no_lines = int(sys.argv[2])
for n in range(no_lines):
    print(random_line(file))

Working with IP addresses

Is this IP address in this subnet test

import ipaddress
ipad = ipaddress.ip_address(‘192.0.2.1’)
ipsubnet = ipaddress.IPv4Network(‘192.0.0.0/22’)
if ipad in ipsubnet: print(‘hi’)

Excel files

I’ve been using the package openpyxl quite successfully to read and write Excel files but I see that pandas also has built-in functions to read spreadsheets.

Date and time

import time

epoch_time = int(time.time()) # seconds since the epoch

Math

numpy seems to be the go-to package.

Using syslog

Please see this post.

Can a keyword be a variable?

Yes. Here’s an example.

timeunit = ‘days’

numbr = 3

datetime.now() + timedelta(**{timeunit: numbr})

Working with exit()

I like to add an exit() when testing code inside a loop so that the first iteration executes but I don’t sit around waiting for the whole thing to be done because I probably have other mistakes I need to correct. However, that can cause truoble if that is inside a try/except block! If the except block has no explicit Exception, it will always get executed and therefore you won’t exit! To get around this, this construct can be used:

try:
    exit() # this always raises SystemExit
except SystemExit:
    print("exit() worked as expected")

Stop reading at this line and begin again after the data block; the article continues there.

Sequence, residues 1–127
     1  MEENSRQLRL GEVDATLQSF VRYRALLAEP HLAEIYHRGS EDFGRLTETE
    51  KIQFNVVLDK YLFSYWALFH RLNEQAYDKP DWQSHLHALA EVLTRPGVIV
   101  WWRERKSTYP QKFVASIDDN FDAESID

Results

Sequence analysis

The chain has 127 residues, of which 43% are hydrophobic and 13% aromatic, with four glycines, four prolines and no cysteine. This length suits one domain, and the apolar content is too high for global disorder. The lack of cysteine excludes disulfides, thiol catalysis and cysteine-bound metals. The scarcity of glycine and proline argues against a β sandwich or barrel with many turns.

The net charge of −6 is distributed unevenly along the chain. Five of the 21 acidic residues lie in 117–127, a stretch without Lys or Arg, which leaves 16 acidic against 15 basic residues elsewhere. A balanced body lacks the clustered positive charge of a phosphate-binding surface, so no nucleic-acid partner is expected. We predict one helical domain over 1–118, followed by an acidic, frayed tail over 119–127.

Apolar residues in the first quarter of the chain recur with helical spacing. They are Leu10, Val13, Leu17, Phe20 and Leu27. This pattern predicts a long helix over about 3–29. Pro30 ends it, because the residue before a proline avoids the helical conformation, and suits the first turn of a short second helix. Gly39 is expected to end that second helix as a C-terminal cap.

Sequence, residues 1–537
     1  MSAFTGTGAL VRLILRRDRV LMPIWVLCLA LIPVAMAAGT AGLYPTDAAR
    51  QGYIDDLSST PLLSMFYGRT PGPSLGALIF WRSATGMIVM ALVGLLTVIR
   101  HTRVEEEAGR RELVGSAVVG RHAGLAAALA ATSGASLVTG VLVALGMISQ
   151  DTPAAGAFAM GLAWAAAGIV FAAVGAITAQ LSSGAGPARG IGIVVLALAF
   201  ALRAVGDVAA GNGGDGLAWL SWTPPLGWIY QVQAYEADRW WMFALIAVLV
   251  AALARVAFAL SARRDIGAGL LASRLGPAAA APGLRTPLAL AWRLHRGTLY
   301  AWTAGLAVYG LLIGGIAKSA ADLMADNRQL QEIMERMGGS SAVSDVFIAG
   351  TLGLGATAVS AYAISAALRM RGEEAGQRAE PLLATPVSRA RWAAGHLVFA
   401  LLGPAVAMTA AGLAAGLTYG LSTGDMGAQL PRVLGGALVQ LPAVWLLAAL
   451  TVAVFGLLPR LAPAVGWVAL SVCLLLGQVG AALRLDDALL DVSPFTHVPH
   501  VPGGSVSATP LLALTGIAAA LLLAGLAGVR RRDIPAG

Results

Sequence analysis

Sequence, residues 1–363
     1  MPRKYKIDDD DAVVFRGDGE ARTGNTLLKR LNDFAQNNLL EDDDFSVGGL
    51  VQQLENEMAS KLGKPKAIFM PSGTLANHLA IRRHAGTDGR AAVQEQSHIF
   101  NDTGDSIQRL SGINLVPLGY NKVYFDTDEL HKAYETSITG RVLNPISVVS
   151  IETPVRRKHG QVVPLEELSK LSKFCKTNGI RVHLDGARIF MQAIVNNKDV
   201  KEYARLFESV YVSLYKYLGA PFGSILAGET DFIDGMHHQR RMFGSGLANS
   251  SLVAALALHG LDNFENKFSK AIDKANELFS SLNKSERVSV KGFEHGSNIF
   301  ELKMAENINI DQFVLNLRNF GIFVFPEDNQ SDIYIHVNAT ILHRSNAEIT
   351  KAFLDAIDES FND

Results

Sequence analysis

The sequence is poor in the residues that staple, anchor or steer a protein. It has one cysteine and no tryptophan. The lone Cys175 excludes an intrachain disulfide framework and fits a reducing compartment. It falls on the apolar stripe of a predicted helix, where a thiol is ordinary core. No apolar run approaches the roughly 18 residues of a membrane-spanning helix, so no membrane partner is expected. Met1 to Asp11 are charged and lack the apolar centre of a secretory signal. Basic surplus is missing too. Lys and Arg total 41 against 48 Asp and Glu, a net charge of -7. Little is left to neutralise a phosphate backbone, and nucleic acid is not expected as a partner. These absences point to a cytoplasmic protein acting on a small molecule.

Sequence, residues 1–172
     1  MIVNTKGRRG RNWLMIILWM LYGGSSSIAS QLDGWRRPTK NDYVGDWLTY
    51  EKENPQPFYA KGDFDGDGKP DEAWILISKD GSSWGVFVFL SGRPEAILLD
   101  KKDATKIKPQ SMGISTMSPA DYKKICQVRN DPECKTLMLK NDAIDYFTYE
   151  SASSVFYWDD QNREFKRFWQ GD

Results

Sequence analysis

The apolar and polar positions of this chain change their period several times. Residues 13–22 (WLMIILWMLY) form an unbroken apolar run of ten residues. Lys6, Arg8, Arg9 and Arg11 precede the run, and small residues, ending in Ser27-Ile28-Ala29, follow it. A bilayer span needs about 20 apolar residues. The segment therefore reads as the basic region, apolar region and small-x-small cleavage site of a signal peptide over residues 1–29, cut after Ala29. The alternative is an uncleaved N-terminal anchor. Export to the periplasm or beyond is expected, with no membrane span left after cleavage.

except:
    print("Something is horribly wrong") # some other exception got raised

Python and self-signed certificates, or certificates issued by private CAs

I updated this blog article to help address that: Adding private root CAs in Redhat or SLES or Debian.

Write it with style

Use flake8 to see if your python program conforms to the best practice style. In CentOS I installed flake8 using pip while in Debian linux I installed it using apt-get install flake8.

Skip first element of a generator function
subnet_g = ipaddress.IPv4Network('10.23.97.0/26').hosts() # subnet_g is a generator
subnet_l = list(subnet_g) # turn it into a list
for ip in subnet_l[1:]: # skips over first element in the list
    print('ip is',ip)
Does it at least pass the compiler – check syntax without running it

Install pyflakes: pip3 install pyflakes. Then

pyflakes your_script.py
Can I modify a Python script while its running?

Sure. No worries. It is safe to do so.

Print statement prints everything twice

This happens if you unfortunately named your program the same as a module you are importing. In this situation the program imports itself and runs twice. Rename your program something different!

Create virtual environment for portability

I like to call my virtual environment venv.

python3 -m venv venv # requires the SYSTEM package python3.11-venv

Use this virtual environment

source ./venv/bin/activate

List all the packages in this virtual environment

Good portable development style would have you install the minimal set of packages in your virtual environment and then build a requirements.txt file:

pip3 freeze > requirements.txt

Leave this virtual environment

deactivate

Test if package has been installed

python3 -c “import pymsteams” # is pymsteams package present?

Traceback (most recent call last):
  File "<string>", line 1, in <module>
ModuleNotFoundError: No module named 'pymsteams'
Conclusion

I’ve written down some of my favorite tips for using python effectively.

References and related

Adding private root CAs in Redhat or SLES or Debian.

Writing output to syslog